Novi Bečej and Vranjevo through History

Explore the extraordinary past of Novi Bečej and Vranjevo through the pages of the book 'Novi Bečej and Vranjevo through History.' Uncover political events, economic development, and cultural heritage of these Banat towns through richly documented stories. Follow the evolution from the earliest days to the present, delving into the intricate threads of political intrigues, economic transformations, and cultural ascensions. Experience the past through the eyes of the author as the pages of the book unfold before you, providing a unique perspective on the life and legacy of these significant locales.

The Socialist Movement in Novi Bečej and Vranjevo

There is no reliable data on when the socialist movement in Novi Bečej and Vranjevo originated, but it can be said with almost certainty that it was somewhere in the 1890s. This is indicated by a story in the manuscript of Vladimir Boberić, a priest, later bishop of Boka Kotorska, originally from Vranjevo. In the story "Pop Blagoja" (the manuscript is located in Matica Srpska) - Boberić recounts the struggle of the priest Blagoje (a fictional name, referring to a specific priest from Vranjevo) against the Nazarenes and Communists for every believer - Serb in Vranjevo. Among the communists, he mentions a mason named Dina (a fictional name) who was killed by Hungarian gendarmes during a mason uprising due to low wages while building the manor of the nobility in 1899.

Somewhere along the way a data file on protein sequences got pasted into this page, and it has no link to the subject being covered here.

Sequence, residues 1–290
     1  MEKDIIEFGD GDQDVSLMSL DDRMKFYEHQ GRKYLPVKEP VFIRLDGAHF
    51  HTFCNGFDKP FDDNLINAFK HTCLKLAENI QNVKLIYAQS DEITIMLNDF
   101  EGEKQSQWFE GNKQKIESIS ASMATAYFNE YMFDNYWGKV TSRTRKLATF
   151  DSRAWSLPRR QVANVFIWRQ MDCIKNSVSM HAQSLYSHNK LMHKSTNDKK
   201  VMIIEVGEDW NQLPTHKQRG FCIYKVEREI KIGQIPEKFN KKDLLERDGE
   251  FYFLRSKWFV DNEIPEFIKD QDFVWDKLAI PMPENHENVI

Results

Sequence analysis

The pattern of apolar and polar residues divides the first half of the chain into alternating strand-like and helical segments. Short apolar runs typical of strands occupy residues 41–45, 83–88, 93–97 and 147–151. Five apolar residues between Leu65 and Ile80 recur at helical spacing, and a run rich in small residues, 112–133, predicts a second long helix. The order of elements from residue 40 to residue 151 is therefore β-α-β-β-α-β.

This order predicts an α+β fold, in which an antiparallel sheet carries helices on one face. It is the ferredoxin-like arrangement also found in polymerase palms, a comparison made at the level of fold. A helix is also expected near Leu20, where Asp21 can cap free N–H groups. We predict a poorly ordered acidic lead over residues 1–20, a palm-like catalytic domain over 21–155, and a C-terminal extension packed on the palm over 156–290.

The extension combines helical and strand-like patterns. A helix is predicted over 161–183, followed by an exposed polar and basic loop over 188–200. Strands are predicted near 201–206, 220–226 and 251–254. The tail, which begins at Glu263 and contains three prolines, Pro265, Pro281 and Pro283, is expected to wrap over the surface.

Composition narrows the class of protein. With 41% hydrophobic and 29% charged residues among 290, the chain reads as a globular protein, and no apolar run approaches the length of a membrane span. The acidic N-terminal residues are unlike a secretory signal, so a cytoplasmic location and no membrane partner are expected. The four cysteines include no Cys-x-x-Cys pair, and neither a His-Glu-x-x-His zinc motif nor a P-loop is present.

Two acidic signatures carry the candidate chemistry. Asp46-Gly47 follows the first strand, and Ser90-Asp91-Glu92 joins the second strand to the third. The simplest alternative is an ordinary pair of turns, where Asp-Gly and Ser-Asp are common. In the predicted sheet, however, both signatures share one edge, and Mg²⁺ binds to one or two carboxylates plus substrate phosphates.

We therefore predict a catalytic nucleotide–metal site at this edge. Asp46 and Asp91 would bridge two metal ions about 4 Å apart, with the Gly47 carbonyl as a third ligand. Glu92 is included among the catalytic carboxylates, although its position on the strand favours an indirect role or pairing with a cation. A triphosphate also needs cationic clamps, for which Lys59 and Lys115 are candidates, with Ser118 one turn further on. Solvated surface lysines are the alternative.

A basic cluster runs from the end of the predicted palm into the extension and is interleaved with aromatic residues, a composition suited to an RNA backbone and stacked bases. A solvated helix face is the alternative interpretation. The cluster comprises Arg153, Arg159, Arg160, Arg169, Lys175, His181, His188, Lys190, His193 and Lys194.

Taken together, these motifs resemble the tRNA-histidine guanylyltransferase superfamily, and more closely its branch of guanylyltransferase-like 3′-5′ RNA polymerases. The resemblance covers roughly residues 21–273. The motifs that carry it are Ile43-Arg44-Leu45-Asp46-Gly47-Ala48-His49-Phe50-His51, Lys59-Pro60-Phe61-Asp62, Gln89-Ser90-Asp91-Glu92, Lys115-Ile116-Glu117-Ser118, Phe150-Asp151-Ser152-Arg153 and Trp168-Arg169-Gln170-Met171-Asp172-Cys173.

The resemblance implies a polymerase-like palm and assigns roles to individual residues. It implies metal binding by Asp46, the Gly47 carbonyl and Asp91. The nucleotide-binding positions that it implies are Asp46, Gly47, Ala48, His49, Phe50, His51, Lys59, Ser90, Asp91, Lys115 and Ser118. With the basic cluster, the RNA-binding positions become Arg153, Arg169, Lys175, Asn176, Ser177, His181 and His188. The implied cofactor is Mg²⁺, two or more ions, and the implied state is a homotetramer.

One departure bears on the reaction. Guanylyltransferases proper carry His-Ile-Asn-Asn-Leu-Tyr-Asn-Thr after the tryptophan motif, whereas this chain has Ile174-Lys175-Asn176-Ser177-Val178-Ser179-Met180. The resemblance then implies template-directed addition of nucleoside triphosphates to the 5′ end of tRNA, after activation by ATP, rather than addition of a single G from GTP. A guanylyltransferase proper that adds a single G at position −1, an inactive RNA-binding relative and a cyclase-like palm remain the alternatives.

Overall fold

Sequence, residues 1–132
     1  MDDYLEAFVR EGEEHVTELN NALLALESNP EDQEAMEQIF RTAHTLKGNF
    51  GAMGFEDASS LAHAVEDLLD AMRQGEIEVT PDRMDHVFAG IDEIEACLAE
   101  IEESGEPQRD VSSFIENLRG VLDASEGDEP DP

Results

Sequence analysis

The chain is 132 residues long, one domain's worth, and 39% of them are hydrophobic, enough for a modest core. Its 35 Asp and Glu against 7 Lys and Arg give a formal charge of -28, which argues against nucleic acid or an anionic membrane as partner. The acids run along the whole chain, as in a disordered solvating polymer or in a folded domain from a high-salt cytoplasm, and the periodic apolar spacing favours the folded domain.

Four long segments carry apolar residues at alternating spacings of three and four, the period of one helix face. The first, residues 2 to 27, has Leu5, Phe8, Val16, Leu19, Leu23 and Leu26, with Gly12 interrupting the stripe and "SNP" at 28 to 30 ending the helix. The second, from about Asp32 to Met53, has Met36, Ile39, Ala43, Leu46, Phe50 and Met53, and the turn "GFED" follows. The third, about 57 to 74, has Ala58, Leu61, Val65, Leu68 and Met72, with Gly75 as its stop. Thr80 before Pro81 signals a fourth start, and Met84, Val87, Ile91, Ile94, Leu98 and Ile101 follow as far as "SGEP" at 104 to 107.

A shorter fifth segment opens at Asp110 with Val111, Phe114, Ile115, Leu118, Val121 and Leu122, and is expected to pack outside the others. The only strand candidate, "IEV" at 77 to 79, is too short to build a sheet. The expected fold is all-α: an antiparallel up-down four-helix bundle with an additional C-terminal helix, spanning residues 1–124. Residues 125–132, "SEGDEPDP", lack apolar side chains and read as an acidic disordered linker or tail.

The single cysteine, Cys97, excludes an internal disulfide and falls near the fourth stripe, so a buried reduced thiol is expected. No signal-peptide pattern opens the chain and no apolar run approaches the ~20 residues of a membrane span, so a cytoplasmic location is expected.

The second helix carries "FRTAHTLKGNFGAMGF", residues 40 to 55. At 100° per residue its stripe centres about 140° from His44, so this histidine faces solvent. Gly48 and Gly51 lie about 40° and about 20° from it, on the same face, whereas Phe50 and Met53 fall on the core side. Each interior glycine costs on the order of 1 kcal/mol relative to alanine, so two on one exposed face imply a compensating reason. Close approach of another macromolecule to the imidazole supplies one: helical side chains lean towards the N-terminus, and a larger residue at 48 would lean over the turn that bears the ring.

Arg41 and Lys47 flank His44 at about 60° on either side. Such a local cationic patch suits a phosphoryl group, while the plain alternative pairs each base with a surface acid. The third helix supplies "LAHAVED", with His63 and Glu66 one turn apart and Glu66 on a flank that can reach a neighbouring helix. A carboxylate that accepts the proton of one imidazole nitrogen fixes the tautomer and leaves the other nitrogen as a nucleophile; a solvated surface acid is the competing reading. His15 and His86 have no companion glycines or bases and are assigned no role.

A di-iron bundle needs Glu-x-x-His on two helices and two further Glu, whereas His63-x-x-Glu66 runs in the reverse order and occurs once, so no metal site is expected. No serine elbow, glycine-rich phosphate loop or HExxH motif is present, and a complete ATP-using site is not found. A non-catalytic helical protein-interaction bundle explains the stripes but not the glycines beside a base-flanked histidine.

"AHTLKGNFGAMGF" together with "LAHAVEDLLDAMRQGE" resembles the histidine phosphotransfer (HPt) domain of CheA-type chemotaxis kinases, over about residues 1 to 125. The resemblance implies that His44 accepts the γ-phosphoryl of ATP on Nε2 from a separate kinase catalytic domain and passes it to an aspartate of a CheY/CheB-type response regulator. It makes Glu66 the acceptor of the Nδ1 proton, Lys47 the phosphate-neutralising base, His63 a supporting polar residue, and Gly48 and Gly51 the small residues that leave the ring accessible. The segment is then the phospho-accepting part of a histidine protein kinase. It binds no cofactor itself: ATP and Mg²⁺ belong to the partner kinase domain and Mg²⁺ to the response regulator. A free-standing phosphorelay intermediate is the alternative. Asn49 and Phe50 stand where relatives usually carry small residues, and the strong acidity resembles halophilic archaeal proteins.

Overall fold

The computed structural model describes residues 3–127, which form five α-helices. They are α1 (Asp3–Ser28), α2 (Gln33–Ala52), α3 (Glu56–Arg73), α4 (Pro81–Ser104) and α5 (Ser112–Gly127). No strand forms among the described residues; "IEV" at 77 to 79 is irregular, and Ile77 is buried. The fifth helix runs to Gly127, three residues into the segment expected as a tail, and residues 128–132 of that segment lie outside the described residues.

The case of the mason Dina certainly wouldn't have deserved the attention of the priest Blagoje, let alone to be written through a story, if there wasn't a new movement behind it, which endangered Orthodoxy in Vranjevo. The movement undoubtedly emerged several years earlier and gradually spread. The struggle of the church and priests in Vranjevo against communism probably began two or three years before the mentioned murder of the mason Dina.

With the murder of Dina, the movement certainly didn't disappear but continued its continuity until the First World War, and even after, but - unfortunately - there is no data to confirm that. The choices of our fellow citizens who found themselves in Russian captivity during the outbreak of the October Revolution in 1917 fairly convincingly confirm this.